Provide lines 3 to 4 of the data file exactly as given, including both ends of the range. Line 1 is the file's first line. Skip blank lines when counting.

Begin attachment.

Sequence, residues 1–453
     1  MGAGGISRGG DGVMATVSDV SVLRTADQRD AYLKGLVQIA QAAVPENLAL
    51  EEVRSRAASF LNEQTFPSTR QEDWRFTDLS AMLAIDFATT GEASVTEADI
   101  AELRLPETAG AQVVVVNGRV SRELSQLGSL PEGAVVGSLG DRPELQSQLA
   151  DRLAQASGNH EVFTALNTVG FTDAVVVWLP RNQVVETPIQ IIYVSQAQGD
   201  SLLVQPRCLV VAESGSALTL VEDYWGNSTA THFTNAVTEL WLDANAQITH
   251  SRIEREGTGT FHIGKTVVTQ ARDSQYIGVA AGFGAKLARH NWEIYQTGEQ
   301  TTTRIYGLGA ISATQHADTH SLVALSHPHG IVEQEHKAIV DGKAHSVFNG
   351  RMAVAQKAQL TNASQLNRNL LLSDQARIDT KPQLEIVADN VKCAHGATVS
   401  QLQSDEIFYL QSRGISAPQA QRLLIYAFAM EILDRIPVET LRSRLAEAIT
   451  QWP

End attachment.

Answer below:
    51  EEVRSRAASF LNEQTFPSTR QEDWRFTDLS AMLAIDFATT GEASVTEADI
   101  AELRLPETAG AQVVVVNGRV SRELSQLGSL PEGAVVGSLG DRPELQSQLA